Jan 23, 2018
Brilliant Minds of Trash and Sewage
<p>New York City generates 1.3 billion gallons of wastewater every day. 16 million pounds of trash. Eight million pounds of recyclables. Think of the awesome engineering and effort behind making all of that "go away" without our thinking about it.  Alec wanted to nerd out on those secret systems, and the conversations that resulted are fascinating and fun: you don't get into this line of work unless you have a passion for it. Pam Elardo is the Deputy Commissioner of New York City's Department of Environmental Protection, leading the city's Bureau of Wastewater Treatment. Ron Gonen was New York City's first "Recycling Czar" and now thinks about the problems of waste-management from the perspective of a businessman: he's the CEO of a major investment fund looking for the Next Big Idea in recycling.  Pam and Ron walk Alec through what happens from the moment people flush the toilet or toss out their coffee-cup -- and they talk about the big-picture environmental impact of our choices.  And since this is Here's the Thing, Alec also learns the incredible life stories each one brings to the job -- from Pam's persistence in the face of the sexism that discouraged women engineers of her generation, to Ron's luck stumbling into the home of a prominent environmentalist while doing housework to make ends meet for his family as a kid.</p>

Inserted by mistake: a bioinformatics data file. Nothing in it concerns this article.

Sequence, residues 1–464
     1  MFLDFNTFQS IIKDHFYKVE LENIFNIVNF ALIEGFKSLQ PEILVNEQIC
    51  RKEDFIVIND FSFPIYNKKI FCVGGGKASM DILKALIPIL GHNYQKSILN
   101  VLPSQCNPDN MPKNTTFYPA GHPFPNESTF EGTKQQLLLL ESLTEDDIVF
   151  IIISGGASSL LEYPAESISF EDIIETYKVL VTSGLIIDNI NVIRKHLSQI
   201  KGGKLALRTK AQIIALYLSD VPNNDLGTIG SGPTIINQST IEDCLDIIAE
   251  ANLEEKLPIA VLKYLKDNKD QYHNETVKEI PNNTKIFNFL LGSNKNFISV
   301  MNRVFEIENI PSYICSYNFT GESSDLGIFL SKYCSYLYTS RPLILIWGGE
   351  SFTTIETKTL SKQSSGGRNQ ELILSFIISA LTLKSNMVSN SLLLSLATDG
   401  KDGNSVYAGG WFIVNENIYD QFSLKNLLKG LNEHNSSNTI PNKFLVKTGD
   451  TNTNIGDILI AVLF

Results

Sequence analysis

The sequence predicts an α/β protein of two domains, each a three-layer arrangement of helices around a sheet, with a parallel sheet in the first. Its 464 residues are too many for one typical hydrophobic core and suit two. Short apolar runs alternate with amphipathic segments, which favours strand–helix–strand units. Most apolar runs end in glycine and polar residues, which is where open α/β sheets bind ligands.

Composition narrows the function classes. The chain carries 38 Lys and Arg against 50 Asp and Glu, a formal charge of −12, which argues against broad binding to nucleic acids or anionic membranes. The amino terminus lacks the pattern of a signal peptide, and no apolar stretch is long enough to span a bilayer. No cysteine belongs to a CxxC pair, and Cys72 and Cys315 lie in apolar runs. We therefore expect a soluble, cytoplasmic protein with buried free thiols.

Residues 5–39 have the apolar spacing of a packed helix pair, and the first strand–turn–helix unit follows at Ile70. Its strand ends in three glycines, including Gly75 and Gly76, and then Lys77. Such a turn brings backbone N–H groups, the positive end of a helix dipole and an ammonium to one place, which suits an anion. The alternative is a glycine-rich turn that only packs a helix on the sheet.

Jan 09, 2018
Farmer Hoggett in the Slammer